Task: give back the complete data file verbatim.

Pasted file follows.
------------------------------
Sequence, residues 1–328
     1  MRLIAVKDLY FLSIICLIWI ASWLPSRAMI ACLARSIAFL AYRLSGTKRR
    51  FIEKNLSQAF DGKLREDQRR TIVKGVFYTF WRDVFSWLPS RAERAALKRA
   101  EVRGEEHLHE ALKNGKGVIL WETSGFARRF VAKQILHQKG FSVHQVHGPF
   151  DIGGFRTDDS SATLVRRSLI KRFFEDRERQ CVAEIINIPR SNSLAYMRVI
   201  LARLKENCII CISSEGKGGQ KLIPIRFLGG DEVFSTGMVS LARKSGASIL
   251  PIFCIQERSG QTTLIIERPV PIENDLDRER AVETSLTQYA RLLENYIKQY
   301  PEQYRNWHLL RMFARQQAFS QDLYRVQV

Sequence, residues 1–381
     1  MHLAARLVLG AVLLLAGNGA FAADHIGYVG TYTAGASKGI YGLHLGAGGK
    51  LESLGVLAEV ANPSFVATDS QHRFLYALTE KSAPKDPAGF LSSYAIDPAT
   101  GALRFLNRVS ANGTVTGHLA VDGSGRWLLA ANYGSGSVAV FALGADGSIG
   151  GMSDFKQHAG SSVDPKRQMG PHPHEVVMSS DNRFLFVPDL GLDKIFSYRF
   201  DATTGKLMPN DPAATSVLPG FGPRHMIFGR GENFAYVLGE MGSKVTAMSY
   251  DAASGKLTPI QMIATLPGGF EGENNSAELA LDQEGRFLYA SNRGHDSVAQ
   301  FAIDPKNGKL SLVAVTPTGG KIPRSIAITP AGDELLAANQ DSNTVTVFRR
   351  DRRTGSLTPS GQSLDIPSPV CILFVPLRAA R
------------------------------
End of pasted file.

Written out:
Sequence, residues 1–328
     1  MRLIAVKDLY FLSIICLIWI ASWLPSRAMI ACLARSIAFL AYRLSGTKRR
    51  FIEKNLSQAF DGKLREDQRR TIVKGVFYTF WRDVFSWLPS RAERAALKRA
   101  EVRGEEHLHE ALKNGKGVIL WETSGFARRF VAKQILHQKG FSVHQVHGPF
   151  DIGGFRTDDS SATLVRRSLI KRFFEDRERQ CVAEIINIPR SNSLAYMRVI
   201  LARLKENCII CISSEGKGGQ KLIPIRFLGG DEVFSTGMVS LARKSGASIL
   251  PIFCIQERSG QTTLIIERPV PIENDLDRER AVETSLTQYA RLLENYIKQY
   301  PEQYRNWHLL RMFARQQAFS QDLYRVQV

Sequence, residues 1–381
     1  MHLAARLVLG AVLLLAGNGA FAADHIGYVG TYTAGASKGI YGLHLGAGGK
    51  LESLGVLAEV ANPSFVATDS QHRFLYALTE KSAPKDPAGF LSSYAIDPAT
   101  GALRFLNRVS ANGTVTGHLA VDGSGRWLLA ANYGSGSVAV FALGADGSIG
   151  GMSDFKQHAG SSVDPKRQMG PHPHEVVMSS DNRFLFVPDL GLDKIFSYRF
   201  DATTGKLMPN DPAATSVLPG FGPRHMIFGR GENFAYVLGE MGSKVTAMSY
   251  DAASGKLTPI QMIATLPGGF EGENNSAELA LDQEGRFLYA SNRGHDSVAQ
   301  FAIDPKNGKL SLVAVTPTGG KIPRSIAITP AGDELLAANQ DSNTVTVFRR
   351  DRRTGSLTPS GQSLDIPSPV CILFVPLRAA R